Star Wars, Episode III--Revenge of the Sith
Return of the fans
By Devin D. O'Leary
Star Wars, Episode III--Revenge of the Sith
Directed by George Lucas
Cast: Hayden Christensen, Natalie Portman, Ewan McGregor
A long time ago in a galaxy far, far away George Lucas actually made a good movie. It was called Star Wars. Later on, it was called A New Hope, but we're ignoring that for now. He followed it up with one highly regarded sequel (which he did not direct) and a trilogy-ending capper that had its moments, but mostly rehashed the good parts from the previous films. Years later, he returned to the storyline, giving the world a pair of prequels that were alternately juvenile and ungodly complicated. Now, Lucas has decided it's time to put this baby to bed. This summer—as if you didn't know—Lucas is unleashing the final Star Wars film. So excuse me while I cut to the chase: Longstanding fans of Lucas' star-spanning empire can breathe one big, collective sigh of relief. This is the first film to actually compare favorably with Lucas' original vision.
Me, I was 8 years old when the first Star Wars film hit theaters. Needless to say, I was just the right demographic and spent the next half decade (give or take) obsessed with all things Star Wars. When Lucas returned to the well in the late '90s and dredged up Phantom Menace and Attack of the Clones, I was less than impressed--perhaps, it could be argued, because I was no longer 8 years old. Lucas' defense has always been that these films are, you know, for kids. Even so, I can go back and watch my original Star Wars DVD and be fantastically entertained. I can't even bear to flip past Phantom Menace on network TV for fear of a Jar-Jar sighting.
With Revenge of the Sith, Lucas finally gets around to delivering the story everybody's been waiting for. I don't recall too many people salivating over the question that Phantom Menace seemed intent on answering, namely, "What economic trade conflicts led to the dissolution of the Old Republic?" Sith, however, gives us the biggie: "How exactly did Anakin Skywalker become Darth Vader?"
Lucas seems as excited by this prospect as the rest of us, and he dives right into it, delivering a dark, near-operatic tragedy about Anakin's descent into the Dark Side of the Force. The film opens with a much-talked-about space battle pitting Anakin (Hayden Christensen) and Obi-Wan Kenobi (Ewan McGregor) against the forces of toyetic new villain General Grevious (a red-hot action figure if I ever saw one). The impressive, action-packed and largely self-contained sequence reads like the pre-credit intro to a Bond film—and, believe me, that's high praise.
For the most part, the film keeps up the pace, delivering one breathless action sequence after another. Occasionally, Lucas takes a breather to deliver some expository dialogue—most of which occurs between troubled Anakin and his now-pregnant wife Amidala (Natalie Portman). As usual, Lucas' dialogue is several degrees off from actual human speech. At this point, most viewers are used to it, and the actors seem resigned to delivering the wordy speeches. Mind you, I still couldn't decipher the politics behind it all. There's a lot of talk about Republics, Droid Separatists, Jedi Councils and Galactic Senates; it's like C-SPAN with light sabers. Still, for the first time since the original trilogy, the political babble is outweighed 10-to-1 by the action. In other words: If you just came here to see Yoda throw down, you came to the right place.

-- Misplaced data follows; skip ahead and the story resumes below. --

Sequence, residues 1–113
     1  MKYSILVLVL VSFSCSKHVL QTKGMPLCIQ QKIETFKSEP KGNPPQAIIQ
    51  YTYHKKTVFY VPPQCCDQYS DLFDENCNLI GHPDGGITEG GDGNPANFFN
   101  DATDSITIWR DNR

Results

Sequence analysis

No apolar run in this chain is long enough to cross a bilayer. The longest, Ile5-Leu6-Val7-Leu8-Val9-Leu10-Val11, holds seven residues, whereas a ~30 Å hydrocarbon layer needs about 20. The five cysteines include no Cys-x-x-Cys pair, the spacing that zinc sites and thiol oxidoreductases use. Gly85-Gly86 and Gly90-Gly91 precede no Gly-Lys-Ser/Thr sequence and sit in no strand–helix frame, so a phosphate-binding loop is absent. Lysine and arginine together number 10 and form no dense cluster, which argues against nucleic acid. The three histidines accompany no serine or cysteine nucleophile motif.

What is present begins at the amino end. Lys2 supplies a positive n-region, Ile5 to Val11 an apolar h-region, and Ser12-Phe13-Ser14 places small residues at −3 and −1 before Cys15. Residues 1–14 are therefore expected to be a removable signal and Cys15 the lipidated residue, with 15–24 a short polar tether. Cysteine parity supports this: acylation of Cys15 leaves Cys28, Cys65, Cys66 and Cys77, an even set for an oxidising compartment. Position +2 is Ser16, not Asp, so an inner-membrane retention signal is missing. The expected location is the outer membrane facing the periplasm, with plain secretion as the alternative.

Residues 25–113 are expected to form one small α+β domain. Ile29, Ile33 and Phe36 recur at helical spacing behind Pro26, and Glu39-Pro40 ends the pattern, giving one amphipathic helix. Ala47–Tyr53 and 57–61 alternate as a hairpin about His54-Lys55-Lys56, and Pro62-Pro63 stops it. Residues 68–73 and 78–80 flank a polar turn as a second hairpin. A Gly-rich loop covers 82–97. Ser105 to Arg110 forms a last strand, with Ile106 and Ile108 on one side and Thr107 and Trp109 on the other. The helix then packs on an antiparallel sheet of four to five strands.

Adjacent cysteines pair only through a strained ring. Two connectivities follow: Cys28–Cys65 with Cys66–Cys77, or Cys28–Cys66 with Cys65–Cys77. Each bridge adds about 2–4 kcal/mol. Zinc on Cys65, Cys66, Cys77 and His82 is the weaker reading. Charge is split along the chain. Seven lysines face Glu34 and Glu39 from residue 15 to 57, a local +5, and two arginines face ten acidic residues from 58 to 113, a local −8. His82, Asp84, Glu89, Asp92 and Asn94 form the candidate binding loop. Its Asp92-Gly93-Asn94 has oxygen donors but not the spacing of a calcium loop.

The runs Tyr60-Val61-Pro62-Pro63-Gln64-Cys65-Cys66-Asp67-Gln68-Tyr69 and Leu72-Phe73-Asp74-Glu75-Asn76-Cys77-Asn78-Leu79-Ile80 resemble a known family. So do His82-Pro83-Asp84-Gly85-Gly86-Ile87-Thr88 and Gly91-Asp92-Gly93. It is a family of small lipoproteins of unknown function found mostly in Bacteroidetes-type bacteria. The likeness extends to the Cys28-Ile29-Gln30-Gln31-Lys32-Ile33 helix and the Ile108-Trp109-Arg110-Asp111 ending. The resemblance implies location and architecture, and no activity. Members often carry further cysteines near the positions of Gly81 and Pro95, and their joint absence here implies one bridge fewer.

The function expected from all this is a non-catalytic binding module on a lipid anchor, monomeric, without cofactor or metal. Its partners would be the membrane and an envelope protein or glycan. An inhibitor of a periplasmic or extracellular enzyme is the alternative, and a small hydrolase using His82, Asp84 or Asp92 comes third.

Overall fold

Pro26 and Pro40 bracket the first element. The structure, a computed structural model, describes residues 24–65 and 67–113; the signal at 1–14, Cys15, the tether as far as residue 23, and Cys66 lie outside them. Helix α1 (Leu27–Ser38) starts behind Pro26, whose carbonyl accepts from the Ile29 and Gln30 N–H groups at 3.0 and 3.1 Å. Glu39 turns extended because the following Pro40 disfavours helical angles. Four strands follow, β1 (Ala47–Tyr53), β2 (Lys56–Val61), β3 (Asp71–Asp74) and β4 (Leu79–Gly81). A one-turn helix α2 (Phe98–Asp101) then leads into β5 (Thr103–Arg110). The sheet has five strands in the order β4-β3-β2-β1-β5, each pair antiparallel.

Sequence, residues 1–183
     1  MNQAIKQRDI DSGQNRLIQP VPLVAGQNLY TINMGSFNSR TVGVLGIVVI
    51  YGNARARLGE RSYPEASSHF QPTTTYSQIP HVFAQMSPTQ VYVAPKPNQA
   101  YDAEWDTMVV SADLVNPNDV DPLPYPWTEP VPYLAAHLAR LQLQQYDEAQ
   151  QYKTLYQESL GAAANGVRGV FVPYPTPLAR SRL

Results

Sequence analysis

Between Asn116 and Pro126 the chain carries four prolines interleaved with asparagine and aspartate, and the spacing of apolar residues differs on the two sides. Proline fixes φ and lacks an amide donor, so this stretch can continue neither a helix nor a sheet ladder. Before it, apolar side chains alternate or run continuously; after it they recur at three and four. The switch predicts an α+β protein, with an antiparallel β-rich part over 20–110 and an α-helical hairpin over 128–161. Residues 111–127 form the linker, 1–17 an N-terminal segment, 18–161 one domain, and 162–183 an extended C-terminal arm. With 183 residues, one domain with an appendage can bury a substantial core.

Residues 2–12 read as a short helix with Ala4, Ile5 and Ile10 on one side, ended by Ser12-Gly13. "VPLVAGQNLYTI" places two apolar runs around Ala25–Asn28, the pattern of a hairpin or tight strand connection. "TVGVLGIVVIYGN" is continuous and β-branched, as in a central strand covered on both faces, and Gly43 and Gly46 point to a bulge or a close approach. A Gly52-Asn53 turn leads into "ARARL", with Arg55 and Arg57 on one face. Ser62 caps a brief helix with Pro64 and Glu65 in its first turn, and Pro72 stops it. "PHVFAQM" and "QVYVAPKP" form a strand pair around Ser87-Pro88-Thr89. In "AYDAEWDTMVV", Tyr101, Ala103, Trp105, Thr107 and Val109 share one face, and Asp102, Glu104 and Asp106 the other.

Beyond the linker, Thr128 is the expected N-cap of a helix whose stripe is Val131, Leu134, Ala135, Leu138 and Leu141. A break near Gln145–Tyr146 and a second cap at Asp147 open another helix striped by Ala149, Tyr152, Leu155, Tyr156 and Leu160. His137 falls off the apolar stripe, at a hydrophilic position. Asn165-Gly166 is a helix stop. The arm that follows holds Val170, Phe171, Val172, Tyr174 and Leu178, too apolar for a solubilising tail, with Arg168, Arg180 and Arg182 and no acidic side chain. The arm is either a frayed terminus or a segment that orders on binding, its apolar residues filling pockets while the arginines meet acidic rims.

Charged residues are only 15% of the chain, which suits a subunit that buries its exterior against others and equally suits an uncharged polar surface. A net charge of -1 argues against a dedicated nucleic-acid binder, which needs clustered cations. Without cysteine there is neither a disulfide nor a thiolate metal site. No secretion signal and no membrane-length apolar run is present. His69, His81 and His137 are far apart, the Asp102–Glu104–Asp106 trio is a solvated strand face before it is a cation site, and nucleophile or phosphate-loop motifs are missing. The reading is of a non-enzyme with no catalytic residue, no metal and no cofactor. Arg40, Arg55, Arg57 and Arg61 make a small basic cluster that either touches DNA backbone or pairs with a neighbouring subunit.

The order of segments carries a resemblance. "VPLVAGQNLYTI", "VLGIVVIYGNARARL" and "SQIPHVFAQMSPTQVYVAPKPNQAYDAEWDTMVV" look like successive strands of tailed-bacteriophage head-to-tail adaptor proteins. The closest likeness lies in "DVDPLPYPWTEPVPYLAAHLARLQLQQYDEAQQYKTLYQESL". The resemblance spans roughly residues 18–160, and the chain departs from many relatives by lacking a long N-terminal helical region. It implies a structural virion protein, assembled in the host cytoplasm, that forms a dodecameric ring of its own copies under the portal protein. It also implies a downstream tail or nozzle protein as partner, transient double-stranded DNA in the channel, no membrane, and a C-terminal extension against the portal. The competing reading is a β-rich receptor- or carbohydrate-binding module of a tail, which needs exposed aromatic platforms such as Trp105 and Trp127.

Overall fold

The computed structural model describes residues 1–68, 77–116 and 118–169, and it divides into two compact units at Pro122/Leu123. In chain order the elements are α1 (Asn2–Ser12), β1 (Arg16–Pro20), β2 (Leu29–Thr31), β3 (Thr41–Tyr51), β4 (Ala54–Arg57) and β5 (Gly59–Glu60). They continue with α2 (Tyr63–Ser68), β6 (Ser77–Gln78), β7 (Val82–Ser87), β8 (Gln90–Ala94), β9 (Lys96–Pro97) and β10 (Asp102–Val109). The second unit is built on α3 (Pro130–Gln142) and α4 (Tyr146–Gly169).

Anakin's seduction by the evil, soon-to-be Emperor (Ian McDiarmid) is slowly and dramatically detailed. His love for Amidala, his lust for power and his paranoia about death all figure into his inevitable transformation. Don't expect to see Christensen tromping around in full Vader regalia for much, if any, of the film. But do go expecting to get the complete, and more or less satisfying, tale of Darth Vader's birth.
Those looking to pick a fight can turn to the usual Lucas criticisms. The dialogue stinks. ("The Dark Side of the Force is the pathway to many abilities some consider to be unnatural.") The acting is melodramatic. (McDiarmid's lording over the Senate with glowing yellow eyes and evil voice is roughly equivalent to George W. suddenly showing up in Congress with horns and a red tail—wouldn't somebody find it a little, I don't know, obvious.) And, of course, the story still doesn't mesh very well with the original trilogy. (So the Jedi decided to hide Anakin's infant son Luke Skywalker in the one place no one could ever find him—back on Tatooine with his relatives, cleverly disguised as a kid named "Luke Skywalker"?)
Such standard quibbles aside, my only major beef (and I'll admit it's a weird one) is Lucas' stifling sense of symmetry. Nearly every shot in the film is notable for its perfect mirror-like geometry. Every set looks like a Marriot Courtyard designed by an anal-retentive. I suppose Lucas is trying to give some sort of visual metaphor for the duality of the Force, but it kind of boggles the eyes after a while.
In the end, though, Star Wars lovers new and old will be perfectly happy to claim this one as their own. Only the youngest of Jedi masters will be shut out by the film's grim tone and PG-13 rating. With its serious drama, surprising violence and more focused storyline, Revenge of the Sith is the Star Wars film true Star Wars fans have been waiting more than 20 years to see.
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